BEFORE - This wasn't actually a bathroom. The previous owner simply plunked an old toilet here with no plumbing, unattached to the floor. I guess he intended to make a bathroom, but when I bought the property, there was only an outhouse. I knocked out the wall on the righthand-side to make the room big enough for a tub and corner shelves behind it for linens. Initially, the floor had a hole about 3 feet by 2 feet wide beside the toilet that rats and mice entered through.
AFTER - The new bathroom, my first tiling job: sink, walls, and floor. The old window was replaced with a glass-block window that opens in the middle.
BEFORE - This corner of the bathroom had no wall separating it from the hallway, plus holes in the wall behind the sink. I added walls, used sheetrock compound to approximate a plaster finish, and installed a medicine cabinet here.
AFTER - Bathroom corner with new walls and medicine cabinet.
BEFORE - Hallway with rotten floor boards,
sheetrock walls, and new but exposed water pipes.
AFTER - Hallway with tiled and "plastered" walls, coat hooks.
AFTER - Closeup of tiling and coat hooks in hallway.
AFTER - Tiled hallway floor and tiled "tunnel" to hide water pipes.
BEFORE - There were very few right angles and straight walls in this house. The new bathroom is an odd trapezoid shape. I built this wall in the hallway with a corner larger than 90 degrees to accommodate the existing support beams.
AFTER - That same wall, "plastered" and tiled, with an old door I sanded and stained. I had to rebuild the door frame as well, because the previous owner had installed the 2X4 frame (without a door) askew.
BEFORE - This photo doesn't convey the awfulness of the bedroom. The sagging sheetrock ceiling, only 6'4" in height, was moldy and soaked with rat pee and poop. The attic above had rat poop over an inch thick on the floor. The old stove pipe was rusty and the walls sooty, with a water-logged moldy masonite floor. Chunks of cement had fallen off the adobe brick walls, leaving openings large enough for wild animals to come inside.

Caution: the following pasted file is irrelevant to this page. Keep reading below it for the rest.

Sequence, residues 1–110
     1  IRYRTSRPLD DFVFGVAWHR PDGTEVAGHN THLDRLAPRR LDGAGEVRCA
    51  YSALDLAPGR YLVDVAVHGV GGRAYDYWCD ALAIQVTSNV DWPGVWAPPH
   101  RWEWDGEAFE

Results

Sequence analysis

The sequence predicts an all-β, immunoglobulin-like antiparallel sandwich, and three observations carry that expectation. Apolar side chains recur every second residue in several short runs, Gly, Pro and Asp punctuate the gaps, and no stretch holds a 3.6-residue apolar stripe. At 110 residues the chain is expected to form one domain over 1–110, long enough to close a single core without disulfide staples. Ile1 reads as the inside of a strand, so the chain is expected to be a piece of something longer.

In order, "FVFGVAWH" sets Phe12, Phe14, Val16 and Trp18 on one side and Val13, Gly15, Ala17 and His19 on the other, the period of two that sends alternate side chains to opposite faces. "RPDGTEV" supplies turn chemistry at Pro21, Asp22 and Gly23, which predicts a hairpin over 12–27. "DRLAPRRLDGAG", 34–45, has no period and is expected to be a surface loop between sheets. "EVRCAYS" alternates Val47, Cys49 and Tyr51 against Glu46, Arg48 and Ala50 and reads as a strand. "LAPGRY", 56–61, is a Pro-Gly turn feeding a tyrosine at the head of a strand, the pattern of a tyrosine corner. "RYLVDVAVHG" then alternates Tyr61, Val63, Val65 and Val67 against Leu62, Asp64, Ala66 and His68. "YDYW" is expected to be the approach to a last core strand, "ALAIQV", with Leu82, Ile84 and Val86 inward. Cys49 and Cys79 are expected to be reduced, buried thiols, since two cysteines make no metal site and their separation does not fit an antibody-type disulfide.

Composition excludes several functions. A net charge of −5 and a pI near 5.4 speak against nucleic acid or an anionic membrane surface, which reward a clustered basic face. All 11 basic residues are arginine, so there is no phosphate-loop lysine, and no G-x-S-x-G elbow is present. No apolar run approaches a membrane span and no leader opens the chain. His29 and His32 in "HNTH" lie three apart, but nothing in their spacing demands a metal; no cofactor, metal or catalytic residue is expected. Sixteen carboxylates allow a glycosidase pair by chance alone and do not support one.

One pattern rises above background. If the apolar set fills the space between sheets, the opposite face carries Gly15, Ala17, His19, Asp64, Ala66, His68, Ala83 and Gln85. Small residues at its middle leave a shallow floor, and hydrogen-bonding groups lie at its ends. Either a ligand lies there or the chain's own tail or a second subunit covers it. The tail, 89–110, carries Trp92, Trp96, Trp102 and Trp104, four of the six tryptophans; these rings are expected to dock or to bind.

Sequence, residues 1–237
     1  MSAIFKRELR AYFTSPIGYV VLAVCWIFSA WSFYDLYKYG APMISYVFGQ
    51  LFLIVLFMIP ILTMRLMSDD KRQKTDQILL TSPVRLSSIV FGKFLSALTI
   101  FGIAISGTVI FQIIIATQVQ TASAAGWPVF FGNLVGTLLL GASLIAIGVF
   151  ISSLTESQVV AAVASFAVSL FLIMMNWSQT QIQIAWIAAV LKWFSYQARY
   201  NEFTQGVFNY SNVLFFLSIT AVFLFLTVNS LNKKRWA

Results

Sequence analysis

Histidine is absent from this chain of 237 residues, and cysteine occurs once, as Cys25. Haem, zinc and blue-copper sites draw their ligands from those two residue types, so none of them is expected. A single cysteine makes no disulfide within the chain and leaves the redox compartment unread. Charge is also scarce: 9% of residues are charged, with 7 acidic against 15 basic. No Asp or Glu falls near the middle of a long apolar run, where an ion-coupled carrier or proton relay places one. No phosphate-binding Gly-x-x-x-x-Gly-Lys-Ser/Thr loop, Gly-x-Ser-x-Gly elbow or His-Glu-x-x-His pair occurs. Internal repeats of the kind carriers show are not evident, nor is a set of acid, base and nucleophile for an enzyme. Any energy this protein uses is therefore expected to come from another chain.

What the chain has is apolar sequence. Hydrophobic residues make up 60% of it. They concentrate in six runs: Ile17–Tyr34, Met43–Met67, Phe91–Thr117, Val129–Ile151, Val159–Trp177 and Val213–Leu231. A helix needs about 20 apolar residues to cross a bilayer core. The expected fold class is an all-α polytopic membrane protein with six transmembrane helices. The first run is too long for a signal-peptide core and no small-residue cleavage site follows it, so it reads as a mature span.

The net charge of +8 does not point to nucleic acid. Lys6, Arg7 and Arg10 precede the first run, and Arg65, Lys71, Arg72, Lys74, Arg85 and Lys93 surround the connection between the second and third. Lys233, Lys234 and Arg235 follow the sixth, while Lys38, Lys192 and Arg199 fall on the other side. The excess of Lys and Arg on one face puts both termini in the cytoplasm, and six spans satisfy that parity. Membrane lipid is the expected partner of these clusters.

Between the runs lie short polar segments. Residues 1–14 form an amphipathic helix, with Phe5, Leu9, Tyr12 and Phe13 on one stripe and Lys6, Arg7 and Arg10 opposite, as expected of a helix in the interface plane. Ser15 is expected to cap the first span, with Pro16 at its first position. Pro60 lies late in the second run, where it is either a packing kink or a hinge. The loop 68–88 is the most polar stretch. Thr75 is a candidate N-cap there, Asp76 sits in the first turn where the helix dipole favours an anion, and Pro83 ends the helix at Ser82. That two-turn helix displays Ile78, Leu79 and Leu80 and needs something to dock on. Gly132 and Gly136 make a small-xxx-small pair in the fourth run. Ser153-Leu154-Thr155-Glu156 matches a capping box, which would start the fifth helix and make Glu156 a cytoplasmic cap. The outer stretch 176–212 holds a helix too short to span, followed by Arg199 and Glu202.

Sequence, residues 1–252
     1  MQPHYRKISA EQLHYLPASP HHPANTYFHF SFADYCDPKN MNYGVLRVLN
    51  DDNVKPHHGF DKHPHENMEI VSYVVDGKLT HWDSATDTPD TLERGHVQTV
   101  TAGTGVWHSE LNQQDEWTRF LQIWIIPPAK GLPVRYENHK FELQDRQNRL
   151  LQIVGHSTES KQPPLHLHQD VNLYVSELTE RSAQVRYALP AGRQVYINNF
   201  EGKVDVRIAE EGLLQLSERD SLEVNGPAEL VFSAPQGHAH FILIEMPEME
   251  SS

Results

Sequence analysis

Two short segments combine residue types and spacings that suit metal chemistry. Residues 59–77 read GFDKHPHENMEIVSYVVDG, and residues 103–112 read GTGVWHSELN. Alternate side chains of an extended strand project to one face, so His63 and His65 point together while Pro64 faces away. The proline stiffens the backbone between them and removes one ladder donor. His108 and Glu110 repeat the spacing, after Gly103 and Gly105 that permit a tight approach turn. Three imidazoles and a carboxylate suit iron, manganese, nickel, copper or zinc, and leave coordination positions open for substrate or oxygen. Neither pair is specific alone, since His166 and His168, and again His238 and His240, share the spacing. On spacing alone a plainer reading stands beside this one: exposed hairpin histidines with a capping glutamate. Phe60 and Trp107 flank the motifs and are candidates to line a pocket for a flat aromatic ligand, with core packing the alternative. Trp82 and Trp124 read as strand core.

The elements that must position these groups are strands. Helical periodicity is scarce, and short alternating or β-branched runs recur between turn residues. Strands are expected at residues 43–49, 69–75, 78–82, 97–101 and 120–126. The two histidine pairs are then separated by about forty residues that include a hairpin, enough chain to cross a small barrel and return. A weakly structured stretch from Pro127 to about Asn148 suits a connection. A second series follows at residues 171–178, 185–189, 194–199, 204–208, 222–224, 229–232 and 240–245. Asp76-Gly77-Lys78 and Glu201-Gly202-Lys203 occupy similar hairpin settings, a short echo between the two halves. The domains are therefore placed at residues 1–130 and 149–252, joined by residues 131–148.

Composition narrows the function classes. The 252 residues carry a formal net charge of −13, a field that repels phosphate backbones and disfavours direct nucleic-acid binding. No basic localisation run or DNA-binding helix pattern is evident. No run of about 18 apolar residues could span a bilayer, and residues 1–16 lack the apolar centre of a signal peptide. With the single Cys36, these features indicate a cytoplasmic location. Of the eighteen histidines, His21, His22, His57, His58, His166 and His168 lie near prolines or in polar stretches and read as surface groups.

AFTER - This is the same bedroom corner as the photo on the left. My first step was to spend 4 days in a hazmat suit in 90-degree weather vacuuming up rat poop in the attic above this bedroom and bundling up the pee-soaked pink insulation to take to the dump. The attic ceiling was only 4 feet in the center, sloping down to inches at the eaves, which meant crouching down or lying prone. With only sheetrock as the attic floor, I had to balance myself on the beams above the sheetrock. My goggles kept fogging up, and the construction lamp went out every time it moved. The vacuum had poor suction and repeatedly got clogged with bits of insulation. Weeks later, I went into the bedroom below and hammered at the sheetrock ceiling to knock it down. I hired my construction crew to install a wood ceiling ABOVE the beams, creating a bit more actual height and a lot more illusion of height. I had new windows installed high up to the ceiling in every room as another optical illusion, so that the low ceilings wouldn't be oppressive and you could see the sky. The construction crew used sledgehammers to break into the walls and install the larger windows. For this bedroom, I filled the holes in the adobe walls with cement first, then added a layer of stucco, then sheetrock compound to create a plaster texture. Finally, I built windowsills and stained them. After I removed the masonite from the floor, the floorboards underneath were surprisingly pristine.
Bedroom southeast corner: I start to build a closet.
The finished closet: I found this old arched glass door at the Habitat for Humanity store, along with the two louvered doors. I tiled the closet floor and the wall inside partway up. The metal pole with its side support of 2X4s could probably hold 1,000 pounds of clothes. Despite my poor carpentry skills (due to being mathematically challenged), I always make things very strong and then cover up the imprecise joints with decorative wood molding. In this case, though, I managed to make the doors join together exactly.